For an great evening’s entertainment in Amsterdam, you could just enjoy one (or a number!) of the great bars and pubs that are all over the city.

Open until the early hours, Café Barco is a bar based on a ship, not far from the central station and offering 360 degree views of the city – lots of fun, something a little different, and it serves food too. Not only that, but there are often live bands playing, so you can eat, drink, and be merry all night long!

Bubbles and Wine is the perfect place for those who enjoy their bubbles. And their wine! With over one hundred and eighty different wines to choose from, this bar has gorgeous low lighting and sumptuous sofas to lounge around on until closing time (which is late, seven days a week).

It’s near to the city centre but situated on a quiet lane, giving the bar a quiet, relaxed feel. Not sure what to order? Try a flight of wine; three half glasses to tempt you. And don’t worry, the gourmet bites on the menu will keep you just the right side of sober!

If it’s cocktails that are your preferred tipple, then the elegantly named Hiding in Plain Sight (HPS) will be the ideal after dinner spot for you. There are the old favourites, combinations you’ve never dreamed of, and a knowledgeable and excitable staff who will mix you up something just for you.

Sit back and relax in the leather-sofa’d surroundings and, if the choice gets too much, just close your eyes and point at the menu; everything tastes wonderful, so you can’t go wrong!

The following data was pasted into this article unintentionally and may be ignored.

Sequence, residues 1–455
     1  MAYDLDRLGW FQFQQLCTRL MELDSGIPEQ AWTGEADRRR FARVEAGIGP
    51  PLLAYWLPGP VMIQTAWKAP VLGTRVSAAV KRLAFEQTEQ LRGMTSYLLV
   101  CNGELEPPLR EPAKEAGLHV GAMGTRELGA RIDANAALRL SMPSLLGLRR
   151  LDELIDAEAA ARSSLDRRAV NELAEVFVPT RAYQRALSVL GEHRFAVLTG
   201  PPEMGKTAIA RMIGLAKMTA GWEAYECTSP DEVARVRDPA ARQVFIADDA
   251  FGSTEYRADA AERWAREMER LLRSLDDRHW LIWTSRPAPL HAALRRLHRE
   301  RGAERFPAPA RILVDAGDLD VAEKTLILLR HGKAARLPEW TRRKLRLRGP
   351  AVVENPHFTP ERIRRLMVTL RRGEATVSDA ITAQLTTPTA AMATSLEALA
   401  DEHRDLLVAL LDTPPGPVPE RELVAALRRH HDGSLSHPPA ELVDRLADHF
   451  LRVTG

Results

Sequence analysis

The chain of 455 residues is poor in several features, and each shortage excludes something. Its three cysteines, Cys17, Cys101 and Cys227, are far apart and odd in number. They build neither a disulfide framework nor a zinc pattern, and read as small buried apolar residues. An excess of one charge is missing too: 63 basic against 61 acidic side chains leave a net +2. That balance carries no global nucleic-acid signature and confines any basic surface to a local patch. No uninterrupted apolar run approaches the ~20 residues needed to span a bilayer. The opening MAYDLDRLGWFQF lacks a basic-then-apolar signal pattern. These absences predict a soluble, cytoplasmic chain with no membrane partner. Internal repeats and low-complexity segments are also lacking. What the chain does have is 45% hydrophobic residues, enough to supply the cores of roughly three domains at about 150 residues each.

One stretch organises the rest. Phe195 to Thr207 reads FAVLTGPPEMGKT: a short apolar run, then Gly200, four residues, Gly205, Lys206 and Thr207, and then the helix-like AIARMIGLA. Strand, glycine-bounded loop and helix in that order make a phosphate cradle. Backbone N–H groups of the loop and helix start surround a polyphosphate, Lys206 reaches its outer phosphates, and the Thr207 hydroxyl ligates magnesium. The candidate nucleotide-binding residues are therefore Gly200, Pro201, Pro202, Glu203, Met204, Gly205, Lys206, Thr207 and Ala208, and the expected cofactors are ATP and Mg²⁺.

Family travel

With Amsterdam’s reputation for being a fairly liberal city, it may not be the first place that springs to mind when you are looking for somewhere to take the whole family. But it’s not all weed, women and parties, and in fact, the city caters to children very well.

Whether it’s a day out at the zoo, some fun and games in one of the many parks, climbing in the specially designed outdoor areas, go-karting, bike riding, shopping, swimming, eating

Well, whatever it is you want to do, there will be a child friendly version of it. Good memories can be made for families on a trip to Amsterdam.

When to visit Amsterdam

The beauty of Amsterdam is that is doesn’t have an off-season. No matter when you choose to visit, you will be able to enjoy the ambience and excitement of the place. However, there are some special events at certain times of year that can make your stay even more fascinating!

In April is the biggest Dutch celebration of the year, Queen’s Day. If you want to celebrate in style, this is the time of year to come (not only that, but Amsterdam in the spring time is a beautiful sight to see!).

You’ll find a huge number of outdoor concerts and events, street parties, ‘free markets’ (where traders and the public can set up shop wherever they like to sell whatever they like!), face painting, street food vendors, and many other wonderful things to see and do. Remember to wear orange and you’ll fit right in!

In August Amsterdam celebrates Gay Pride with a fantastically colourful parade along all the canals. This is one of the most popular Gay Pride parades in the world, and for atmosphere and fun you can’t ask for more!